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I made an assertion in What are some examples of theories stronger than Presburger Arithmetic but weaker than Peano Arithmetic? that Q has higher consistency strength than Pres, Presburger arithmetic; i.e., Q proves the consistency sentence for Pres.

But in fact, I only know something weaker, that Q can formalise the provability predicate for Hilbert systems, and so prove, say, that Peano arithmetic proves Pres consistent.

Is there a direct proof of consistenct of Pres in Q?

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1 Answer 1

up vote 6 down vote accepted

I believe that Theorem 1 of Bezboruah and Shepherdson 1976 [1] covers your question, at least in spirit. Their theory $T_0$ is a finite theory extending $Q$. Quoting their paper:

Theorem 1. Let $L$ be any formal system with a recursive set of axioms, a finite number of finitary and recursive rules of inference including modus ponens and having $A \to A$ as a theorem for all sentences $A$. Let $$Con_L =_{df}\quad \lnot(\exists y,z)(Th_L(y) \land Th_L(z) \land neg(z,y))$$ where $\text{Th}_L$, $\text{neg}$ are given in Definition 3 below. Then $\text{Con}_L$ is not provable in $T_0$.

The authors, however, express the common doubt that consistency proofs in Q are philosophically meaningful.

"We must agree with Kreisel that this is devoid of any philosophical interest and that in such a weak system this formula cannot be said to express consistency but only an algebraic property which in a stronger system (e.g. Peano arithmetic P) could reasonably be said to express the consistency of Q."

The (well known?) difficulty here is that Q can formalize the provability predicate but cannot verify the Hilbert-Bernays derivability conditions for it.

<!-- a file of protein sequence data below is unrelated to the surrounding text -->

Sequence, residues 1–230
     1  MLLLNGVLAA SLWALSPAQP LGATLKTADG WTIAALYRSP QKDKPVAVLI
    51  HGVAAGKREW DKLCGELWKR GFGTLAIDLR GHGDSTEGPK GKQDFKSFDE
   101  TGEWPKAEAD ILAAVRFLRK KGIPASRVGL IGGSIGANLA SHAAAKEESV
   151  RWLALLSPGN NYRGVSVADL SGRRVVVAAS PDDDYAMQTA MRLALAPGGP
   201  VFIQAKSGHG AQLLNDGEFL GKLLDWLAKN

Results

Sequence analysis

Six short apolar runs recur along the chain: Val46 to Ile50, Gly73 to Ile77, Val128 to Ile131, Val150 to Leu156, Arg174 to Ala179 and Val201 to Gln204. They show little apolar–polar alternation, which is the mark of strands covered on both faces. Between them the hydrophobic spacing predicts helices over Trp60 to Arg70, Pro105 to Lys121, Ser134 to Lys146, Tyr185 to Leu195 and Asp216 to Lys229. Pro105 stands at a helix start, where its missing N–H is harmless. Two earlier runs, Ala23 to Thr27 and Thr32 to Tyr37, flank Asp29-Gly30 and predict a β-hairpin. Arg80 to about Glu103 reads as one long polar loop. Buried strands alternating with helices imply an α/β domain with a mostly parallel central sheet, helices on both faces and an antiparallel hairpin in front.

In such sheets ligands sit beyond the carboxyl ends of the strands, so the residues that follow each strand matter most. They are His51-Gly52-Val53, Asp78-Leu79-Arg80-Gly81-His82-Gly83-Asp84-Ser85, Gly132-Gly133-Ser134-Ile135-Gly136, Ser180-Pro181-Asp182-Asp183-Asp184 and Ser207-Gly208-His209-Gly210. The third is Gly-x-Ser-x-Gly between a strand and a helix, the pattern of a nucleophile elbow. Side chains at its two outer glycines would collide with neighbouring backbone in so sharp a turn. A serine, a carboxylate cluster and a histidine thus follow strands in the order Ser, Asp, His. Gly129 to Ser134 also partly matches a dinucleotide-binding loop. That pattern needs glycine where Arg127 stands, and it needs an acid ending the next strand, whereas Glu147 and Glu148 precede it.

1: A. Bezboruah and J. C. Shepherdson, "Gödel's Second Incompleteness Theorem for Q", The Journal of Symbolic Logic Vol. 41, No. 2 (Jun., 1976), pp. 503-512, JStor.

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So Q is rock bottom. Well, along with the various weakenings of Q that there are. Which derivability condition(s) does Q fail? I know that Pudlak has expressed reservations about the Löb conditions. –  Charles Stewart Sep 14 '10 at 18:43
    
I'm having trouble locating a reference for it. I was under the impression that Q cannot show provability is closed under modus ponens, but perhaps this is only sloppiness in (multiple) papers I just checked that say say "Q is too weak" but perhaps all mean "Q is too weak for the standard proofs of the derivability conditions to go through". I'm interested in knowing the answer to this myself. –  Carl Mummert Sep 14 '10 at 20:28
    
These questions are, of course, sensitive to how you go about formalising the provability predicate. There's been a fair bit of work on formalising provability using tableaux search, which can give better properties, and I know that Dan Willard has looked at this for Q. I asked the question at MO: mathoverflow.net/questions/38874/… –  Charles Stewart Sep 15 '10 at 21:19

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